Each story is assigned “points” based on how long it should take to complete. In our system, one point equals one day of work. Every team member has a certain number of story points they can complete in a given sprint, which controls the workload.
While the sprint reviews and planning meetings are time consuming, the planning of work has to be done eventually, anyway. Scrum makes the process more efficient and intentional. The team has been pleased with Scrum so far and cannot imagine going back.

“Our time is being used so much more effectively. Scrum holds us all accountable for doing our jobs. Because work is now done in two week intervals, we have the flexibility to allow priorities to change. Agile has made it possible to complete major tasks like adding SCORM to Knowledge Guru, something that was not on our roadmap just a few months earlier. This would have been very difficult with an ADDIE or “Waterfall” methodology.”

–Sharon Boller, President and Chief Product Officer

Consider whether Kanban, Scrum, or a combination of the two make the most sense for your team.


Agile Learning Design for Beginners (Free White Paper)


Jennifer Bertram, Director of Instructional Design here at Bottom-Line Performance, has authored a new white paper on Agile Learning Design. In Agile Learning Design for Beginners, Jennifer gives a comprehensive introduction to one of her areas of expertise as a Director of Instructional Design: Agile. The white paper skips the buzzwords and gives a much needed overview of Agile methodology from the perspective of real instructional designers and managers.



Here’s an overview of the content covered in the white paper:

Why not ADDIE

“Pay no attention to the man behind the curtain!” In the past, we’ve assumed that instructional designers should not be seen or heard. We tell our clients or stakeholders, “Don’t look at what we’re doing. Wait until it’s built until you look.” But Agile instructional design is different. It’s about telling our stakeholders, “Come join me behind the curtain and work with me to create something great.” And this is just one of the many benefits of restructuring your processes to be more iterative… more agile. Jennifer will go into some of the benefits of Agile methodology over the traditional ADDIE model.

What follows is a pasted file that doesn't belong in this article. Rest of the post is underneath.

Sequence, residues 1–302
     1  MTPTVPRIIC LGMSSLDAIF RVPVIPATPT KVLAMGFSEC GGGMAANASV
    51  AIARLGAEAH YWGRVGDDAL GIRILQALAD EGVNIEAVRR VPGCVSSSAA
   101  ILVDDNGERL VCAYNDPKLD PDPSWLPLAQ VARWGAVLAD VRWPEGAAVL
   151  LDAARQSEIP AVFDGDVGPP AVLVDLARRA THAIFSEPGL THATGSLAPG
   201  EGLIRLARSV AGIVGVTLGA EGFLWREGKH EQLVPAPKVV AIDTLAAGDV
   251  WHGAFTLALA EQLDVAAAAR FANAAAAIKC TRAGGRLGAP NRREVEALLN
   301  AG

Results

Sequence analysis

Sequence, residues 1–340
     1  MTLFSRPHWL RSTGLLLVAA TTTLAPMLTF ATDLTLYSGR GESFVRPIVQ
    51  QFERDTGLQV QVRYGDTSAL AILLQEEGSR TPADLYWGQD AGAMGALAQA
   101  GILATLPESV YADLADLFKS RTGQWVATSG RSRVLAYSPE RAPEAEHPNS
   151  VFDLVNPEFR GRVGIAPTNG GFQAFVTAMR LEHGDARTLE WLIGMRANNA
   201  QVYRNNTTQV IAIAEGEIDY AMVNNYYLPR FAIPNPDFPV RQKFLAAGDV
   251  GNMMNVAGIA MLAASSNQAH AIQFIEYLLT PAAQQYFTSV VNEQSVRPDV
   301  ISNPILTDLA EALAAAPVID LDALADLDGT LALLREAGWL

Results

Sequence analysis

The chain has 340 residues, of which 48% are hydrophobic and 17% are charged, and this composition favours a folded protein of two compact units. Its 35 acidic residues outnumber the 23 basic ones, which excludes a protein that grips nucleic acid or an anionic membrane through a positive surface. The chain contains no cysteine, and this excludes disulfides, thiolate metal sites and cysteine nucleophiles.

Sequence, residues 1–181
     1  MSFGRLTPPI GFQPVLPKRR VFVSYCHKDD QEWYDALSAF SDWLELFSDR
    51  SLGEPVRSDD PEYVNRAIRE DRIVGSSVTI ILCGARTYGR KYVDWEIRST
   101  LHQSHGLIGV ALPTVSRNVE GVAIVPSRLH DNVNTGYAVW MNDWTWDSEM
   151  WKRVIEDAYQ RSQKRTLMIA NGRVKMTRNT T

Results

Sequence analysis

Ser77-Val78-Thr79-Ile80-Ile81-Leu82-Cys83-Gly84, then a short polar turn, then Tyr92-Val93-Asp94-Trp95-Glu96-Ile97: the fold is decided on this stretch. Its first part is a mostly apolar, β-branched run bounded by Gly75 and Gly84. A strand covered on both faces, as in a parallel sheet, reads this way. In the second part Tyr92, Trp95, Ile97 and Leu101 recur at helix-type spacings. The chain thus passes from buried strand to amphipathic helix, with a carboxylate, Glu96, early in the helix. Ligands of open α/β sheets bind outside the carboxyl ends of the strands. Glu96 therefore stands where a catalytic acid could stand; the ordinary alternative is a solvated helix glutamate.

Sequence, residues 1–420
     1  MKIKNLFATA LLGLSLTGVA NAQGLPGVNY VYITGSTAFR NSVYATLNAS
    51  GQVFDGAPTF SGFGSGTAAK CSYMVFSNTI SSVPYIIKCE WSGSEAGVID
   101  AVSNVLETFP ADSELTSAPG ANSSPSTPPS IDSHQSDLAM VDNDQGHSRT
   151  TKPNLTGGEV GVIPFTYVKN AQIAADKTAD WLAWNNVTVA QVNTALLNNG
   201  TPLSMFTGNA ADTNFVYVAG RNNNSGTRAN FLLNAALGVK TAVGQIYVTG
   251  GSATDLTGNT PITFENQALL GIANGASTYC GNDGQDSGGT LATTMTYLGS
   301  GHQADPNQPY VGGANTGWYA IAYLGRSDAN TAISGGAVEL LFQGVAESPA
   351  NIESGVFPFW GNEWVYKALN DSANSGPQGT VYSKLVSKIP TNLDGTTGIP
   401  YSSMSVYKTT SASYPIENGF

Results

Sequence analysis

Managing the Work

Wanting to work incrementally, iteratively, and collaboratively is all well and good, but at some point you have to manage the work and timeline. It can seem daunting to do so using a whole new approach to work. The white paper will give you the manager’s perspective of Agile Learning Design. Jennifer breaks down Kanban methodology and shows you how our Agile workflow looks and feels.

What “kind” of agile do you need?

Did you know that “Agile” is just a broad term for a variety of project management approaches? BLP’s Learning Services team uses Kanban, but the Product Development and Marketing teams both use their own variation of Scrum. The white paper includes an interview with President Sharon Boller where she discusses the pluses and minuses of the Scrum methodology. Use it to decide what approach to agile is right for your team.